Citing constitutional concerns, the city of Los Angeles announced today that have put a halt to detaining undocumented immigrants for ICE without either a court order or and arrest warrant. In announcing the decision, Mayor Eric Garcetti and police Chief Charlie Beck cited a recent decision by a federal judge in Oregon who found that local authorities violated the 4th Amendment rights of an undocumented immigrant held for two weeks on an ICE hold despite being eligible for release. Specifically, the judge found that such detainers lacked the necessary legal underpinnings, such as probable cause or a judicial determination, required to hold a suspect for a longer period. They also cited a bulletin to law enforcement from California Attorney General Kamala Harris … Continue reading →
Around the country in the past couple of weeks drivers are beginning to feel a little more pain at the pumps as gas prices creep up yet again. NewHampshire apparently has taken one of the biggest hits in increased gas prices as the San Francisco Gate reports: Gas prices in New Hampshire are 21.1 cents a gallon higher than they were one year ago, and are 5.9 cents per gallon higher than a month ago. Businessweek notes today that prices should be dropping again.
It is Independence Day in America, but rather than focusing on our independence today, I find myself reflecting on our interdependence, because the fact is, we all ultimately rely on one another in this country and on the planet. What we do, how we act, what we say, how we treat others, what we create and what we destroy, are all deeply connected. I feel as though there are a lot of people who have lost sight of this very integral fact of our existence in this country. Recent political decisions and deeper political party polarization has pushed us to extremes, many people are in denial and no one seems to want to budge. But we must budge, we must come … Continue reading →
by Walter Brasch HARRISBURG, Pa.—There is a remote possibility that Pennsylvania will finally ban the cruel practice of live pigeon shoots when the state senate reconvenes in September. Pennsylvania is the last state where pigeon shoots are legally held. Rep. John Maher had written an amendment to an animal cruelty bill that would ban the killing, serving, and eating of dogs and cats. The amendment to ban pigeon shoots was sponsored in the Senate by Stewart J. Greenleaf, the committee chair; and Richard Alloway, a life-long hunter. The Judiciary committee had voted 10-4 to send the bill to the full Senate. Voting to send the bill to the Senate were all five Democrats and five of the nine … Continue reading →
The analogy is not perfect, but it comes damn close. Three Israeli teenagers were abducted while hitchhiking and found murdered after a national search. Three young civil rights workers murdered in Mississippi 50 years ago. Both cases were senseless tragedies born of generations of unyielding and unrelenting hate. Continue reading →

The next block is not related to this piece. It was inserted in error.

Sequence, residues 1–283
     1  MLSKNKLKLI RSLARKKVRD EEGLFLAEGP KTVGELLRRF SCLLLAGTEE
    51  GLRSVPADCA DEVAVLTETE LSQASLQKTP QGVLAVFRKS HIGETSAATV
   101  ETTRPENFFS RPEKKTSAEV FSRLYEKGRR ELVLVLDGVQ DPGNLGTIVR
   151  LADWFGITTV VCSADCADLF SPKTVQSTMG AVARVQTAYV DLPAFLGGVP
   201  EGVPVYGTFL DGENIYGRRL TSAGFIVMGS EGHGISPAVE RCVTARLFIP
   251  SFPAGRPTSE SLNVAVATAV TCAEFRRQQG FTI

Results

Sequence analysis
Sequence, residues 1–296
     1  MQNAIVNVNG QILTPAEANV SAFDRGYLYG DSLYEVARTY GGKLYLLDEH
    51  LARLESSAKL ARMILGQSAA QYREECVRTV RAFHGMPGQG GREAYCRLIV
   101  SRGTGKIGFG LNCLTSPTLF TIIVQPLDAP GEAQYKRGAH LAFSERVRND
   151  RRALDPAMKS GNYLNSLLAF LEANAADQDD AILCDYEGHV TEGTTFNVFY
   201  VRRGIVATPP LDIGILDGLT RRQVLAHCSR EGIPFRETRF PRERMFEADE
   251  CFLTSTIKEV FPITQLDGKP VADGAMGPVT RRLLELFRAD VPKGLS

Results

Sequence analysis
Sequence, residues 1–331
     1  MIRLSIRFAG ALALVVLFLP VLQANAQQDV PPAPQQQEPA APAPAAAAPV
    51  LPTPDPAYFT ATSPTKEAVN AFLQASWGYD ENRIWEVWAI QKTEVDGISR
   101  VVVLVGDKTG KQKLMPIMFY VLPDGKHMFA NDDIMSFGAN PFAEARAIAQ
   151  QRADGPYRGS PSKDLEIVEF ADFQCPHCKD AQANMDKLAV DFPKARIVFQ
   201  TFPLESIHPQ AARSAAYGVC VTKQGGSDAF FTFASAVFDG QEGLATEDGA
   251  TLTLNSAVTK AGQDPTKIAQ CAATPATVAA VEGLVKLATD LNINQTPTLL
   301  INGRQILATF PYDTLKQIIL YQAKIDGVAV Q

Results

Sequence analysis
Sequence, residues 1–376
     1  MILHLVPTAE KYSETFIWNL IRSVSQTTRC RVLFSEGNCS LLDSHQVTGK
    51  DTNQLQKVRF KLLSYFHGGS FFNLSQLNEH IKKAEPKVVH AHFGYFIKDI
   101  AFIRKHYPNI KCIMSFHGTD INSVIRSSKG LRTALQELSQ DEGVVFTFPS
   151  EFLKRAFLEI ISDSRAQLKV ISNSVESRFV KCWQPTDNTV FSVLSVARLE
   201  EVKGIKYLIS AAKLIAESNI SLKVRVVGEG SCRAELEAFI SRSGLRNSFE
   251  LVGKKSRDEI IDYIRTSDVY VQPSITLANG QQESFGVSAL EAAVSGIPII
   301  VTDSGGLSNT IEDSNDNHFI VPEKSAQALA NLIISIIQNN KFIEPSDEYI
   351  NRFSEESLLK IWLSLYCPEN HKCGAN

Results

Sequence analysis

I wasn’t planning to write about the Hobby Lobby decision tonight, but the more I read about it, the more incensed I become. I came of age in the 1970′s when women were fighting the battles that shockingly got pushed backwards today in the Supreme Court’s ruling on the Hobby Lobby case. I’ve fought against more than my share of sexism in my life, and I have stood up many a time to say I believe in religious freedom in America. That said, I do not believe that religious freedom should in any way trump individual rights. The Hobby Lobby ruling highlights a Supreme Court out of control, biased by male opinion, making decisions that affect the lives of women. There are so many things wrong with … Continue reading →
There are obviously times (e.g. time of war) in which the needs of the many trump the absolute right of the one. One cannot yell ‘fire’ in a crowded theater, Oliver Wendell Holmes famously observed. In this case, we must turn to Abraham Lincoln’s understanding: the Declaration is the fundamental founding document. Continue reading →
by Walter Brasch Pennsylvanians will experience increased rainfall and floods if data analysis by a Penn State meteorologist and long-term projections by a fisheries biologist, with a specialty in surface water pollution, are accurate. Paul Knight, senior lecturer in meteorology at Penn State, compiled rainfall data for Pennsylvania from 1895—when recordings were first made—to this year. He says there has been an increase of 10 percent of rainfall during the past century. Until the 1970s, the average rainfall throughout the state was about 42 inches. Beginning in the 1970s, the average began creeping up. “By the 1990s, the increase was noticeable,” he says. The three wettest years on record since 1895 were 2003, 2004, and 2011. The statewide … Continue reading →